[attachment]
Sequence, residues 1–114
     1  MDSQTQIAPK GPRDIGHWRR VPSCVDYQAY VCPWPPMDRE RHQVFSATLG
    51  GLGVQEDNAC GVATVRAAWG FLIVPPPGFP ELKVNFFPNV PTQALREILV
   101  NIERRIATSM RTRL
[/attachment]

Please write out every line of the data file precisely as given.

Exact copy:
Sequence, residues 1–114
     1  MDSQTQIAPK GPRDIGHWRR VPSCVDYQAY VCPWPPMDRE RHQVFSATLG
    51  GLGVQEDNAC GVATVRAAWG FLIVPPPGFP ELKVNFFPNV PTQALREILV
   101  NIERRIATSM RTRL